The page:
G, on the other hand. A year ago, we weren't sure whether she was actually on the spectrum. And this spring, we wrote up a funding app that makes her look like a combination between a damsel in distress, an axe murderer's apprentice, and the Saturday Night Live character who smells her own armpits.
|The only difference between the kid portrayed in our funding app. and Mary Katherine is one of them has a sensory aversion to socks.|
She interrupts/yells/or otherwise prevents anyone including herself from experiencing educational fulfillment 30-50 times per half hour. She's a smart kid, but without someone explaining/reminding/calming her, those smarts remain inaccessible.
When our divisional coordinator who vets the funding apps saw G's, she said, "She's really like this? And she isn't funded yet?" Yup. Our first application in 2010 was denied. Ditto the 2011 one. So we're appealing. Her second question was "Does mom know you're saying these horrible things?" Yup. Who do you think sent the most sensational ones in? (What's the point in having a way with words if you can't use it to help your kids?)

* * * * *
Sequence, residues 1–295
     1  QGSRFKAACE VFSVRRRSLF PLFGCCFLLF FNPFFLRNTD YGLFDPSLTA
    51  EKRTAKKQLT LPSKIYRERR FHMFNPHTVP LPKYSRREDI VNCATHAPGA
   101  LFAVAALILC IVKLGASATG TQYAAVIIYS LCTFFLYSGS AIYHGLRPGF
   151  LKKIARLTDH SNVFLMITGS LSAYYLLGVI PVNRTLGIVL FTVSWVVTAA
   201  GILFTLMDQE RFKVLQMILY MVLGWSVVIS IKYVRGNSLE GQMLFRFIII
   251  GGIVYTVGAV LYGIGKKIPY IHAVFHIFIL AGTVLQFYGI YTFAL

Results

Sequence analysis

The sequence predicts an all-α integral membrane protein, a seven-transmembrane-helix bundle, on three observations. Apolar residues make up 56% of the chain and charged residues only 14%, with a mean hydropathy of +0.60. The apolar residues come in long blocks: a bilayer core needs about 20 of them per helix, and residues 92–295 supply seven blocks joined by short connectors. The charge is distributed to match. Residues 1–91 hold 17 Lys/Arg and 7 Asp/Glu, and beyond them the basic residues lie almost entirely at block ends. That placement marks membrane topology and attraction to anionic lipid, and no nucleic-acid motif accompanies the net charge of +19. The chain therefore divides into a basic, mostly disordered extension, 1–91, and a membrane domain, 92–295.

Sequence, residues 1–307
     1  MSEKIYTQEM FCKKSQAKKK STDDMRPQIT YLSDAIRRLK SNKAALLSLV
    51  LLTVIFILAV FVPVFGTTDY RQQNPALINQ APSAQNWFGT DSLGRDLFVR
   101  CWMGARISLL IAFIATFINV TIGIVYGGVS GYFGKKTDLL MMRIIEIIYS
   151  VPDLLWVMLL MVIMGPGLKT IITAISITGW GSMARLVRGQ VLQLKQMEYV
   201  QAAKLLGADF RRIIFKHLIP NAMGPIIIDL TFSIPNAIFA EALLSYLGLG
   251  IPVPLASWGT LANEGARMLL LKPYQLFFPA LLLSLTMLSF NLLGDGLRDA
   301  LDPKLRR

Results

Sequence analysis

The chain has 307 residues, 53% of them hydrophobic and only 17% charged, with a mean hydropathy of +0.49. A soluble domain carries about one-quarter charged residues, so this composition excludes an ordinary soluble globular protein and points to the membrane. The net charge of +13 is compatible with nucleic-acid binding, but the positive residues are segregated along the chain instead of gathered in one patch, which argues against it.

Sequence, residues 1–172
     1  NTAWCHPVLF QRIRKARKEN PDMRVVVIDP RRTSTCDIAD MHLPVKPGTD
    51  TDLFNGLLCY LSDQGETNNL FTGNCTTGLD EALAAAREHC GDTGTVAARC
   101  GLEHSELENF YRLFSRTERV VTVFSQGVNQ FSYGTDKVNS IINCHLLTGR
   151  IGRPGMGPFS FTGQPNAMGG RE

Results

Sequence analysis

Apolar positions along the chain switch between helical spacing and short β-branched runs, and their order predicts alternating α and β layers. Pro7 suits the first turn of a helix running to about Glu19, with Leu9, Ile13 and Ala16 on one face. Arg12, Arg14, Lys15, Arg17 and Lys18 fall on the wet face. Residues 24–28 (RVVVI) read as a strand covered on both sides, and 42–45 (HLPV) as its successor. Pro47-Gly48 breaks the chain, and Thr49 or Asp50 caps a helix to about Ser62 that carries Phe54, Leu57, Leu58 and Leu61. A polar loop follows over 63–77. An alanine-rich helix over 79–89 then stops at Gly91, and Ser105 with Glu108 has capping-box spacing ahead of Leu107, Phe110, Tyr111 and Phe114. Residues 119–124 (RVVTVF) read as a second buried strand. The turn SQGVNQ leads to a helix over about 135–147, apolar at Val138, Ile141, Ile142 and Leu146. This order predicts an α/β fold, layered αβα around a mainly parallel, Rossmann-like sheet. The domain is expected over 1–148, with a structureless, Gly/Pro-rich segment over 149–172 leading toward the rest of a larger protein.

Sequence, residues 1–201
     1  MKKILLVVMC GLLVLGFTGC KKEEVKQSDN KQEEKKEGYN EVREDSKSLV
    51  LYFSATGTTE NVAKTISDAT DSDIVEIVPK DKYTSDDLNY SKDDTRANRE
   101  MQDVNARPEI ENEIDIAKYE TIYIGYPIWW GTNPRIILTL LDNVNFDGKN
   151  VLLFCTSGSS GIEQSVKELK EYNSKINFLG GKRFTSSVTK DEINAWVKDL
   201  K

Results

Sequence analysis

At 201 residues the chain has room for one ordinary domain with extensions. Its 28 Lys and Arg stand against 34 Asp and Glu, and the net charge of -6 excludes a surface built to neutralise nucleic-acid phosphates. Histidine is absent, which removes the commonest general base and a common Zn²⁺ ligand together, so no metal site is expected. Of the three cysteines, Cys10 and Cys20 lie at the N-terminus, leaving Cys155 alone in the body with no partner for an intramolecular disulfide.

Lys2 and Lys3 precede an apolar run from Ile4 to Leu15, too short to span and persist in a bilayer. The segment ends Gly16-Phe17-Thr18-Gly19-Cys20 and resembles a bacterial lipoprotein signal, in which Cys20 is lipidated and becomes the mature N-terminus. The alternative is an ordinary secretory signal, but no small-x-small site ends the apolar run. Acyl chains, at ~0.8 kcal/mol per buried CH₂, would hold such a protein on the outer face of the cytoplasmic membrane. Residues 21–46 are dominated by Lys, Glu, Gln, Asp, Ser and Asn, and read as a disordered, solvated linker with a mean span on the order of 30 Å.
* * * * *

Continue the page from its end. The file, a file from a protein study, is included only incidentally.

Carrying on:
I called my MLA this week, and her assistant called back within 24 hours to tell me if our appeal is denied, call back and she can go to the Minister of Education on our behalf. Same MLA who helped us when we were saving our school from closure. Same MLA who eats hot dogs with us at every school fair and community centre fundraiser. If politicians were puppies, I'd take her home and ask if we can keep her.
Ironically, the abundant supports at the anxiety clinic G didn't need last year aren't available now. Our psychiatrist decided to have a baby after years of sitting across from weeping parents and hyperactive children. Brave soul.
The good news is I no longer have time to feel anxiety about her not flushing the toilet.